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Clin Cancer Res. 2016 Jan 15;22(2):366-73. doi: 10.1158/1078-0432.CCR-15-0964. Epub 2015 Sep 16.

Using Whole-Exome Sequencing to Identify Genetic Markers for Carboplatin and Gemcitabine-Induced Toxicities.

Author information

1
Science for Life Laboratory, School of Biotechnology, Division of Gene Technology, Royal Institute of Technology, Solna, Sweden. Department of Forensic Genetics and Forensic Toxicology, National Board of Forensic Medicine, Linköping, Sweden. Division of Drug Research, Clinical Pharmacology, Department of Medical and Health Sciences, Linköping University, Linköping, Sweden. henrik.green@liu.se.
2
Science for Life Laboratory, School of Biotechnology, Division of Gene Technology, Royal Institute of Technology, Solna, Sweden.
3
Science for Life Laboratory, School of Biotechnology, Division of Gene Technology, Royal Institute of Technology, Solna, Sweden. NextBio, Cupertino, California.
4
Department of Oncology and Pathology, Karolinska Institute and Oncology Clinic, Karolinska University Hospital, Stockholm, Sweden.
5
Department of Medical Oncology, Christie Hospital, Manchester, United Kingdom. Institute of Cancer Sciences, University of Manchester, Manchester, United Kingdom.
6
Division of Drug Research, Clinical Pharmacology, Department of Medical and Health Sciences, Linköping University, Linköping, Sweden.
7
Unité INSERM U 981, Université Paris Sud, Département de Médecine, Institut Gustave Roussy, Villejuif, France.
8
Department of Clinical Physiology, University Hospital, Linköping, Sweden. Department of Medical and Health Sciences, Linköping University, Linköping, Sweden. Department of Pulmonary Medicine, University Hospital, Linköping, Sweden.

Abstract

PURPOSE:

Chemotherapies are associated with significant interindividual variability in therapeutic effect and adverse drug reactions. In lung cancer, the use of gemcitabine and carboplatin induces grade 3 or 4 myelosuppression in about a quarter of the patients, while an equal fraction of patients is basically unaffected in terms of myelosuppressive side effects. We therefore set out to identify genetic markers for gemcitabine/carboplatin-induced myelosuppression.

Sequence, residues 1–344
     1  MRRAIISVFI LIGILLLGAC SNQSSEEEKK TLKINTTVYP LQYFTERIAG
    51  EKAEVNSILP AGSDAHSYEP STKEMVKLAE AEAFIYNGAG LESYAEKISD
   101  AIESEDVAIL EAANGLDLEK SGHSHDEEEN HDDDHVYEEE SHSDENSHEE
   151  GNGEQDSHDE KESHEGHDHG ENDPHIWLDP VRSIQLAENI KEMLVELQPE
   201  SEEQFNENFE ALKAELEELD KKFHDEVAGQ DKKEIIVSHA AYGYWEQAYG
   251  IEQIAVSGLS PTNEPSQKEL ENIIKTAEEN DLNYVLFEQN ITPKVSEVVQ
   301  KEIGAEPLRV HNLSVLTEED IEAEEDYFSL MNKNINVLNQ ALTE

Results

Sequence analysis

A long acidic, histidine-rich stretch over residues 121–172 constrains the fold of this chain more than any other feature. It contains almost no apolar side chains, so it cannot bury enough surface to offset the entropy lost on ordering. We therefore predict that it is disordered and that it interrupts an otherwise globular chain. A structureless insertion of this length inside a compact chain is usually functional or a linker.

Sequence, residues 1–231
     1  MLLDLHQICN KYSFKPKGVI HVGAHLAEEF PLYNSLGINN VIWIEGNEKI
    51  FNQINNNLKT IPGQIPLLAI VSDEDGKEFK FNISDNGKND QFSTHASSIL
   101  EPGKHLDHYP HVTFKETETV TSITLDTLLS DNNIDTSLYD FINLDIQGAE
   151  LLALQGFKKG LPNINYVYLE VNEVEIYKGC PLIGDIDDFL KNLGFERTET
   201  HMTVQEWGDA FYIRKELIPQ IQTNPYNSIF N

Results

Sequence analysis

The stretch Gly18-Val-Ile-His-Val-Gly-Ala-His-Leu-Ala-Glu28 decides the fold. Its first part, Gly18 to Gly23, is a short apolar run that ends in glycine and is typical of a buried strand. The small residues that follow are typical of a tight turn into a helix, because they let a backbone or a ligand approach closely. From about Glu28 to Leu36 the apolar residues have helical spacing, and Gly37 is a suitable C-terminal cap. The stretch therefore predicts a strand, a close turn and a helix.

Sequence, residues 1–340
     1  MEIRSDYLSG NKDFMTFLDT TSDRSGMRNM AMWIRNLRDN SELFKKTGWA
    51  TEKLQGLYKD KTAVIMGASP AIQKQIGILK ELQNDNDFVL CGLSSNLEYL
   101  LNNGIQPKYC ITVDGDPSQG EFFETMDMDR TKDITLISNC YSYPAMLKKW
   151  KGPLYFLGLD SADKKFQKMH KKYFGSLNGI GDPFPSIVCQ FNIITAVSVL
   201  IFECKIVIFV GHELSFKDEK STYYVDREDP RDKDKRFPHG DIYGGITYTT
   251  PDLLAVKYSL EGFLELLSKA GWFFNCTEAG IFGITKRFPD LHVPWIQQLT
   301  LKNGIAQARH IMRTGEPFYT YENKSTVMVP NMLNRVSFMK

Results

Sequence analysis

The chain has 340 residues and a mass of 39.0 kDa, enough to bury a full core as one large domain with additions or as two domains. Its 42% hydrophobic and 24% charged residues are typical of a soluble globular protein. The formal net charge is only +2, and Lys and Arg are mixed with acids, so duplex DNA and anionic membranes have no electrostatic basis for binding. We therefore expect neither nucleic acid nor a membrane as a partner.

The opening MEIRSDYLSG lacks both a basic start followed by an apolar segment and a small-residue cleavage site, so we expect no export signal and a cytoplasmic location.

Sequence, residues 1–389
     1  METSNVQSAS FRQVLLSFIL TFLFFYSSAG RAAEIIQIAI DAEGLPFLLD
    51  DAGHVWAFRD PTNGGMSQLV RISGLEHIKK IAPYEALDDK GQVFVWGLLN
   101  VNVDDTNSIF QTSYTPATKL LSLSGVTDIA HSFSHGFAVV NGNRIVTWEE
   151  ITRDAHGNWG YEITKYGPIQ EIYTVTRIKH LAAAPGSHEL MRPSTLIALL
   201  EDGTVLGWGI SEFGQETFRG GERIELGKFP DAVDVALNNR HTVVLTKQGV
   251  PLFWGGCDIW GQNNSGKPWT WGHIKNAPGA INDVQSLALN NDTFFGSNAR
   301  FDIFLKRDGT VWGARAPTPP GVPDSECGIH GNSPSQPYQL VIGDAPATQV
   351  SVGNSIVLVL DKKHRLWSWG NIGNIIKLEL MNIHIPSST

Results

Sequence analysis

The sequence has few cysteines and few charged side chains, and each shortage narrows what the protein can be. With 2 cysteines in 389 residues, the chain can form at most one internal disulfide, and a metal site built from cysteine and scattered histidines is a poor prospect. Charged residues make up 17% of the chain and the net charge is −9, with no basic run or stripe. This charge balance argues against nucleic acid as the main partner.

EXPERIMENTAL DESIGN:

We exome sequenced 32 patients that suffered extremely high neutropenia and thrombocytopenia (grade 3 or 4 after first chemotherapy cycle) or were virtually unaffected (grade 0 or 1). The genetic differences/polymorphism between the groups were compared using six different bioinformatics strategies: (i) whole-exome nonsynonymous single-nucleotide variants association analysis, (ii) deviation from Hardy-Weinberg equilibrium, (iii) analysis of genes selected by a priori biologic knowledge, (iv) analysis of genes selected from gene expression meta-analysis of toxicity datasets, (v) Ingenuity Pathway Analysis, and (vi) FunCoup network enrichment analysis.

RESULTS:

A total of 53 genetic variants that differed among these groups were validated in an additional 291 patients and were correlated to the patients' myelosuppression. In the validation, we identified rs1453542 in OR4D6 (P = 0.0008; OR, 5.2; 95% CI, 1.8-18) as a marker for gemcitabine/carboplatin-induced neutropenia and rs5925720 in DDX53 (P = 0.0015; OR, 0.36; 95% CI, 0.17-0.71) as a marker for thrombocytopenia. Patients homozygous for the minor allele of rs1453542 had a higher risk of neutropenia, and for rs5925720 the minor allele was associated with a lower risk for thrombocytopenia.

CONCLUSIONS:

We have identified two new genetic markers with the potential to predict myelosuppression induced by gemcitabine/carboplatin chemotherapy.

PMID:
26378035
DOI:
10.1158/1078-0432.CCR-15-0964
[Indexed for MEDLINE]
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